Science Fair Project Encyclopedia
Conway Twitty, born Harold Lloyd Jenkins, (September 1, 1933 - June 5, 1993) was America's most successful hit maker of the 20th century, in that he had the most singles (55) reach Number 1. Conway Twitty's totals were greater than that of Elvis, Frank Sinatra, the Beatles and Garth Brooks. Most notably known as a country music singer, Twitty also enjoyed success in early Rock and Roll, R&B, and Pop music (among others).
Twitty was born in the small town of Friars Point, Mississippi. His family moved to Helena, Arkansas when he was 10, and there he put together his first band, the "Phillips County Ramblers". Two years later, he had his own local radio show every Saturday morning. While in Arkansas, Twitty indulged his second passion, baseball. He received an offer to play with the Philadelphia Phillies after high school but he joined the United States Army instead.
After his discharge from the Army, Twitty again pursued a music career. After hearing Elvis Presley's "Mystery Train," he began writing original rock 'n' roll material. As a matter of course, he headed for the Sun Studios in Memphis, Tennessee, and worked with the likes of Presley, Carl Perkins, Jerry Lee Lewis, Johnny Cash and many others. He changed his name in 1957, looking at a map, he selected Conway, Arkansas and Twitty, Texas. The character of Conrad Birdie in the musical Bye Bye Birdie is said to be based loosely on a combination of Twitty and Presley.
Twitty's fortune changed when he joined MGM records. He had all but given up hope when news came from a DJ in Ohio that he was very popular. The single "I'll Try" had failed, but the DJ flipped the single over and began playing "It's Only Make Believe". The song was an instant hit and for a brief period, some believed that it was Elvis recording under a different name. Conway Twitty became an overnight success thanks to the B side of his single. The song didn't take long to record and never was thought to have been anything but a filler until that day in 1958. The song went on to sell over 8 million records and to No. 1 on the Billboard pop music charts in the U.S. as well as No. 1 in 21 different nations. Twitty would go on to enjoy rock-n-roll success with a hard rock song like, "Danny Boy" and "Lonely Blue Boy".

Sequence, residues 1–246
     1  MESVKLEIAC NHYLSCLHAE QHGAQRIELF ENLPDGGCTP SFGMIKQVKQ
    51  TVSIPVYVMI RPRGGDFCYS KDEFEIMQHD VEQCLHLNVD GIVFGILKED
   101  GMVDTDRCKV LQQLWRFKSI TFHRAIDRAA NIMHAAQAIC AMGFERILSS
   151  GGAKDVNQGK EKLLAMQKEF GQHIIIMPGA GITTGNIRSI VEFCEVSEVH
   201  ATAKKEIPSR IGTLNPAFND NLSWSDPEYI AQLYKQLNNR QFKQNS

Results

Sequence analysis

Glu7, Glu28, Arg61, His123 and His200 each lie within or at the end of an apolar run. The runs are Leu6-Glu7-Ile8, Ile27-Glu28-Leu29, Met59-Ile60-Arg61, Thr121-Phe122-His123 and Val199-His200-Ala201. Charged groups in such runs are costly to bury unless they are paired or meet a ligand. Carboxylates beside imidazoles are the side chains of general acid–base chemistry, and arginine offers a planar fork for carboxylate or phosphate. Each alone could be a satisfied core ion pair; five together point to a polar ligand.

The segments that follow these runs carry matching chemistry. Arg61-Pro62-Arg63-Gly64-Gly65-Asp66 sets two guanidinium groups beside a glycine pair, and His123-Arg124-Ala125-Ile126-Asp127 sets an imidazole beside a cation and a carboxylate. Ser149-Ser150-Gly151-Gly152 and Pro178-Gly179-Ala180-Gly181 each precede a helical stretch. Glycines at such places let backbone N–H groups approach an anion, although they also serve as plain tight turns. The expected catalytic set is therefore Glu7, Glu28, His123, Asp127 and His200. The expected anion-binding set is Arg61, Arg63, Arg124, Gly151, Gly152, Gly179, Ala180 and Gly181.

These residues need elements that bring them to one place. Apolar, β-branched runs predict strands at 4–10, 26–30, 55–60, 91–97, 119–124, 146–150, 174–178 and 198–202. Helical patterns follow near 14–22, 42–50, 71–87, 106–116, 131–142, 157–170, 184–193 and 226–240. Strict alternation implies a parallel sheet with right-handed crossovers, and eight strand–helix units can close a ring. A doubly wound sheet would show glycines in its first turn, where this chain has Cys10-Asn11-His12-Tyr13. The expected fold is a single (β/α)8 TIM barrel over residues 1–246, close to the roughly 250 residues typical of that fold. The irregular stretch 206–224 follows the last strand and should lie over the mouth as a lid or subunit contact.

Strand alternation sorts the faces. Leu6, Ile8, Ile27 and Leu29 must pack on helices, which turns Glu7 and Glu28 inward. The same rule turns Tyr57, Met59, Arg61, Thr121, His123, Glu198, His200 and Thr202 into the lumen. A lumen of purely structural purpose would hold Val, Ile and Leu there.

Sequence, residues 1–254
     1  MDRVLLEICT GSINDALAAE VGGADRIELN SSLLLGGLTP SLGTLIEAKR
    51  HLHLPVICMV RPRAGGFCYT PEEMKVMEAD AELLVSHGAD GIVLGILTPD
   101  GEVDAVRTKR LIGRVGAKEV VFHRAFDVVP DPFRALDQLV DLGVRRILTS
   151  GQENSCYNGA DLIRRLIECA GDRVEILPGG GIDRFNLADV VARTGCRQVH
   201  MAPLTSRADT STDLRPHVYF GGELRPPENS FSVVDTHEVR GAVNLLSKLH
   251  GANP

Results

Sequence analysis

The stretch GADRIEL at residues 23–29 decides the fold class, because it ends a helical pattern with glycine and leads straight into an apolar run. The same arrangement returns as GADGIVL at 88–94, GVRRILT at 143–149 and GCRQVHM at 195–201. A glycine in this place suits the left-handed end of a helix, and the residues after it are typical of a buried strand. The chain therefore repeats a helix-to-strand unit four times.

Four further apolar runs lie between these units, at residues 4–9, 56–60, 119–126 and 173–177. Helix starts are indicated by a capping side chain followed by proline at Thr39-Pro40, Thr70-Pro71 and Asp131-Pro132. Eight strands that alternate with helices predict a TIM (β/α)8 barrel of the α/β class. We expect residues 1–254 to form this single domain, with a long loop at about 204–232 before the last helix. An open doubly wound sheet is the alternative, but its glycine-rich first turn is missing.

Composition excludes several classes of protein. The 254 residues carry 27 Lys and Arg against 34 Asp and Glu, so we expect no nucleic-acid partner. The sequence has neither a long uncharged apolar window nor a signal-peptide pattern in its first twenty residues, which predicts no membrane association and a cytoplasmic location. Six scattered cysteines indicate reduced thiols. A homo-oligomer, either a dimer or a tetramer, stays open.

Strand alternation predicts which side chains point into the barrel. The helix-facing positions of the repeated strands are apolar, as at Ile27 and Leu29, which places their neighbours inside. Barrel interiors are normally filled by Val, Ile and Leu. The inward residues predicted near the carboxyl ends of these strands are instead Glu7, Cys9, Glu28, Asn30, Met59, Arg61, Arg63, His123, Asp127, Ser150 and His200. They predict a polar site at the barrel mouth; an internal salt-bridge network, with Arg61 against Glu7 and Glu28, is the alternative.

Conway Twitty always wanted to record country music and in 1965 he did just that. His first few country albums were met with country DJs refusing to play them by the count that he was well-known as a rock-n-roll singer. He finally broke free with his first number one country song, "Next In Line" in 1967. In 1970, Conway would record and release his second signature song, "Hello Darlin'". He had accomplished something that most singers never do, twice. He scored two signature songs. One Rock, one country. Up till the time of his death, Conway opened his concerts with one and closed with the other.
In 1971, he released his first hit duet with Loretta Lynn, "After the Fire Is Gone," followed by "Lead Me On" (1971), "Louisiana Woman, Mississippi Man" (1973) and "As Soon As I Hang Up the Phone" (1974). Together, they won four consecutive Country Music Association awards for vocal duo (1972 - 1975).
Twitty lived for many years in Hendersonville, Tennessee, just north of Nashville, where he built a country music entertainment complex called Twitty City . Its lavish displays of Christmas lights were a famous local sight. It has since been sold to the Trinity Broadcasting Network and converted to a Christian music venue.
Twitty never won a solo CMA award. Yet, by the end of his tenure at MCA in 1981, he had accumulated 32 No. 1 hits. Another 15 had reached the Top 5. Twitty became ill while performing in Branson, Missouri, and he died from an abdominal aneurysm. Shortly before he died, he had recorded a new album, suitably called Final Touches . Twitty was inducted into the Country Music Hall of Fame in 1999.
Conway Twitty married three times. And after his death the widow, Dee Henry Jenkins, and his four grown children from the previous wives, Michael, Joni, Kathy and Jimmy Jenkins, fell into a very public dispute over the estate. His will had not been updated to account for the third marriage, but Tennessee law reserves one third of any estate to the widow. A public auction of much property and memorabilia had to be held due to the inability of the heirs to agree on a division of the assets.
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